Multi-Stake Holder Cooperatives

Many traditional cooperatives have members who use different aspects of the cooperative.  For example, a grain and farm supply cooperative may have producers marketing grain and other producers who only purchase inputs.  Credit unions have both depositors and borrowers.  In both of those examples, the members are still in a similar group (producer or consumer).  In a multiple stakeholder cooperative, there are more than one type of member.  For example, a local food cooperative could have both consumer members and producer members.  It could even also have worker members.  Some stakeholders discuss multi-stakeholder cooperatives as part of a “solidarity model”.  They want to expand the scope of the cooperative’s value package to a broader set of stakeholders.

The multi-stakeholder model requires defining multiple groups of membership and allocating governance and patronage across the groups.  The multi-stakeholder model involves more individuals from the cooperative and provides incentives to additional groups.  For examples, bringing the employee group in as members provides them “skin in the game” and additional incentives to remain as long term employees.  The multi-stakeholder model can also increase the pool of equity capital since additional groups are investing or receiving profits in the form of equity.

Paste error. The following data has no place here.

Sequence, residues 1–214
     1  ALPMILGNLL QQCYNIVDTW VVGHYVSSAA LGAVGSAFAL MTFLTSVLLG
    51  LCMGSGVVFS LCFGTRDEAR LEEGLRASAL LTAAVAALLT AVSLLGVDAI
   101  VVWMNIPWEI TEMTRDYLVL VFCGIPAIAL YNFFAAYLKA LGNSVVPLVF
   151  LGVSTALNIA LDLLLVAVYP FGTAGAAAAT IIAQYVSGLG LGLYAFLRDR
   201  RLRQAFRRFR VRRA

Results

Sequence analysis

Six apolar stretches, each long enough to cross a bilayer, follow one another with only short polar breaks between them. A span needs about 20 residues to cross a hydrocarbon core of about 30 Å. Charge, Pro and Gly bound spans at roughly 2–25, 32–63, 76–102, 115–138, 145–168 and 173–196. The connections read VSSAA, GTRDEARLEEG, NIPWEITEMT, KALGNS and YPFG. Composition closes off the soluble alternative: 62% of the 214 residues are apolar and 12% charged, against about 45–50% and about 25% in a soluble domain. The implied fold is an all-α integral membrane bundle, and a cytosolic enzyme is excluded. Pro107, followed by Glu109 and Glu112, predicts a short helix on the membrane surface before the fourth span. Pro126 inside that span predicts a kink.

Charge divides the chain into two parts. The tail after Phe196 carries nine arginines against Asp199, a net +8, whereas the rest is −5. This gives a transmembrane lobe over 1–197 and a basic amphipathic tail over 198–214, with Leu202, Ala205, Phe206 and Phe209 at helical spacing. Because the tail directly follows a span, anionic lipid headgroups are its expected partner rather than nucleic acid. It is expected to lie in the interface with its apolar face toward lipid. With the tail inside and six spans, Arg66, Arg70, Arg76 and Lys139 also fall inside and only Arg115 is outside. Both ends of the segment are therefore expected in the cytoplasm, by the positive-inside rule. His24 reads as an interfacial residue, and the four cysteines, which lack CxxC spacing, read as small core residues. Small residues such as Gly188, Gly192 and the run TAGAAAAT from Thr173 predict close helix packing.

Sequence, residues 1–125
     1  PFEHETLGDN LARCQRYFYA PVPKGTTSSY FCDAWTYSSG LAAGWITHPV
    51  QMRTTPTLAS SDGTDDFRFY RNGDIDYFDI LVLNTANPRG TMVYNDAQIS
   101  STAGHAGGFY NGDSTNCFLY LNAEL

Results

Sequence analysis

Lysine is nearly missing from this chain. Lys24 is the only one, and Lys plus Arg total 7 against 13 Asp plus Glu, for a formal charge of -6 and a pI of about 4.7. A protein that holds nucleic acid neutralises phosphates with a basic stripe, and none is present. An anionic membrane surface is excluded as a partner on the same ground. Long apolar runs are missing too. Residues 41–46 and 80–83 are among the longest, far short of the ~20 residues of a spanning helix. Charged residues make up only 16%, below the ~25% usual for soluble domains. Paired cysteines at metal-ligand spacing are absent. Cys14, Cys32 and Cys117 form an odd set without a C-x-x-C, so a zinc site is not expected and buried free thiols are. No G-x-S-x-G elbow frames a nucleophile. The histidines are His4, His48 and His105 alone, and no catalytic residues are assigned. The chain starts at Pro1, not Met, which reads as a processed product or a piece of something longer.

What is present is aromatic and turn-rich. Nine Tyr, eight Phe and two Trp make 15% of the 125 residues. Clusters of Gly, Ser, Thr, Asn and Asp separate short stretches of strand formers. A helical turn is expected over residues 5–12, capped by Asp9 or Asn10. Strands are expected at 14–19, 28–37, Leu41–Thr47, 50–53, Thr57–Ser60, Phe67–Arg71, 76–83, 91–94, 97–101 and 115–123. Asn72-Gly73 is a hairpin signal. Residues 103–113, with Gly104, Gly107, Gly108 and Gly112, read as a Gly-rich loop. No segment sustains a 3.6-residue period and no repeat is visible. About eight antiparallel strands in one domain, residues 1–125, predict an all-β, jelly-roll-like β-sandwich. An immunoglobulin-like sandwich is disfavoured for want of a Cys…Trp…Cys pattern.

The disadvantage of the mult-stakeholder model is that it is more complex and creates more potentials for conflicts.  The various stakeholder groups obviously have different incentives.  For example, worker members would lobby for increased wages while producer members would prefer reducing personnel costs.  In designing their structure, the cooperative has to decide the investment of each group, how patronage is split across the groups and how the governance rights of each group.  The various groups often have different time horizons and different economic situations.  The structure may lead to dominance by one group or provide each group with equal power and benefits.  Both alternatives can lead to difficulties.  Even if the cooperative is able to navigate a fair structure, one group may evolve to dominate the cooperative over time.  For example, there may be more members in one group or one group may have better information and be more active in govenance.